Professor Claims He Can Grow Computers, Cellphones Organically
Computers won’t quite grow from trees, but with a little prodding, nature can grow them. Really. A professor at University of Maryland’s A. James Clark School of Engineering, claims he has developed the necessary procedure.
A template for nature to follow to organically grow ‘self assembling’ structures was invented recently by Ray Phaneuf, an associate professor of materials science and engineering.
He claims the template he’s developed causes atoms to be arranged in a defined pattern that can be used like a semiconductor in a laptop, a component in a cell phone or a sensor in a wearable device.
The process sounds bafflingly simple, considering what the output amounts to. The templates are created using photolithography and nanoscraping. The first procedure is similar to photography – it’s a chemical reaction that takes place after a template is exposed to light. Another part of the process is termed ‘etching’ or ‘nanoscraping’. This is more complicated; an atomic force microscope is used to selectively scrape a pattern into the template.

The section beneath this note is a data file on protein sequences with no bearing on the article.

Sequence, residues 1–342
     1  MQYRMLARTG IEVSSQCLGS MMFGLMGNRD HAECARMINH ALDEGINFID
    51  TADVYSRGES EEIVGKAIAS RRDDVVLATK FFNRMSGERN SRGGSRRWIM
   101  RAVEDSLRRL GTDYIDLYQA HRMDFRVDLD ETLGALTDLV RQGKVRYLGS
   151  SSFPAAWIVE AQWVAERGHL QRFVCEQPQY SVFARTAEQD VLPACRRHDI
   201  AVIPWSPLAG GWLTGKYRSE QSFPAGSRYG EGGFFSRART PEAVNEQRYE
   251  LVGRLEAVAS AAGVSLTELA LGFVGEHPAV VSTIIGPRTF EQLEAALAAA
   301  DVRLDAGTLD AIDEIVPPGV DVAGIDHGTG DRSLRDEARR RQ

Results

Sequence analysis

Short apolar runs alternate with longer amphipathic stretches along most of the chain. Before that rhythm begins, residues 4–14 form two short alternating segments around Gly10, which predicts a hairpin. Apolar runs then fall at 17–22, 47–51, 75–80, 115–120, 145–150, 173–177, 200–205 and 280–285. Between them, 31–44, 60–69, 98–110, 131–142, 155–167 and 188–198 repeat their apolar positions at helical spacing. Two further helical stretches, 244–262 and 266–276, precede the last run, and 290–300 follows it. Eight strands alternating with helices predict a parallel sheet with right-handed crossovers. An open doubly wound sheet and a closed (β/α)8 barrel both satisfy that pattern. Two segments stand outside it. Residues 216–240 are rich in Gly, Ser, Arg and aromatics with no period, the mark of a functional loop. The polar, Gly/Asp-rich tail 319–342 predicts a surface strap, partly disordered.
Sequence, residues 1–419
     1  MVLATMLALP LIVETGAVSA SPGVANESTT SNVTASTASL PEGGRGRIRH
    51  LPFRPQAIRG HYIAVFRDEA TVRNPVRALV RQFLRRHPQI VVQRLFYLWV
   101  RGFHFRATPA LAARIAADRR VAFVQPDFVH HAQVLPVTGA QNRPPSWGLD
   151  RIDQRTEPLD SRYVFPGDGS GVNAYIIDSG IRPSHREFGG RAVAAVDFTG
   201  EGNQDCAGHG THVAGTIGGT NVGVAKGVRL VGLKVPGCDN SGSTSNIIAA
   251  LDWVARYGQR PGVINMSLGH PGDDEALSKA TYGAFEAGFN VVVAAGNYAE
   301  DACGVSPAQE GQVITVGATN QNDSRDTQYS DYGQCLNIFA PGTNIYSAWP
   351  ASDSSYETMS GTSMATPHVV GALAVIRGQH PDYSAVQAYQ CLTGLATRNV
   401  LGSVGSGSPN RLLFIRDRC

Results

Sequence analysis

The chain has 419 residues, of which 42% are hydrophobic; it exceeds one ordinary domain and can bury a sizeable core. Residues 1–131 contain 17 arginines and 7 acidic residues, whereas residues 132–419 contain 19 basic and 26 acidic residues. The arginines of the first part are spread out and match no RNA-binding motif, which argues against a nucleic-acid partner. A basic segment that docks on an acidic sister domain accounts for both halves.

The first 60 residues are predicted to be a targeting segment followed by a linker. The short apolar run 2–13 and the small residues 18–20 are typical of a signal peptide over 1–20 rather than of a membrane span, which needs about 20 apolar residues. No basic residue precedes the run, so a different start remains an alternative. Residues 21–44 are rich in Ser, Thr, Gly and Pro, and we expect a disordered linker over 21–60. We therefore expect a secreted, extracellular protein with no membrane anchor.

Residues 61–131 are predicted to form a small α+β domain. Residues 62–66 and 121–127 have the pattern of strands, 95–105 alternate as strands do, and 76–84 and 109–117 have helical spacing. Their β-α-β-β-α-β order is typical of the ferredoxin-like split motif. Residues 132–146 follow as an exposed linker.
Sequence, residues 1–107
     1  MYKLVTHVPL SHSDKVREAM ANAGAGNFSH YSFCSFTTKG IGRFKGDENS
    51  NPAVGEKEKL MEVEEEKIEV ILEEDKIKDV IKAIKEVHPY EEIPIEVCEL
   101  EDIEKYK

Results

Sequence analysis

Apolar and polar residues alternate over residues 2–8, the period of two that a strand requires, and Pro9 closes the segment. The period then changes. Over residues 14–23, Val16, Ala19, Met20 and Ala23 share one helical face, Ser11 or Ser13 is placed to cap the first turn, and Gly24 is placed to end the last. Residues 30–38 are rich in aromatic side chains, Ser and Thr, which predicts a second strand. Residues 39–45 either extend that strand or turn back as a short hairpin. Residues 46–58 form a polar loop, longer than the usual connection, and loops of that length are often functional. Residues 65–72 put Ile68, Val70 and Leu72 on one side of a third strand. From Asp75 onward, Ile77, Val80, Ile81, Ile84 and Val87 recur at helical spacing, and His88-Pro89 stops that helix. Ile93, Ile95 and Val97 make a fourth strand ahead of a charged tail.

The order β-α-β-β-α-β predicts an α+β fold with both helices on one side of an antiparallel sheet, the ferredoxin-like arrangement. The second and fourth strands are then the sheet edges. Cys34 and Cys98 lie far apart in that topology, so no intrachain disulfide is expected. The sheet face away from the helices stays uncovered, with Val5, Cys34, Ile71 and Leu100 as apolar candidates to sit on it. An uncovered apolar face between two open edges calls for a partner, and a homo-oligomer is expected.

The template process can be used by device manufacturers to mass-produce tiny components rapidly and efficiently, reduce costs, shrink device sizes, and improve devices’ functionality in ways previously not possible.
The template could be followed by natural growth processes to produce “self-assembling” structures, Phaneuf claims. He says that the idea of self-assembly in nature is natural (what else?) and points at crystallization as one such process. The formation of shells into spirals is another example.
Until Phaneuf made his template, research had been limited to designs that nature already creates naturally. Phaneuf’s work introduces a man-made template that nature then follows. He has, cleverly, included a number of manufacturing difficulties. This way, making things out of a countable number of atoms, currently a very complicated process, could be done by nature.
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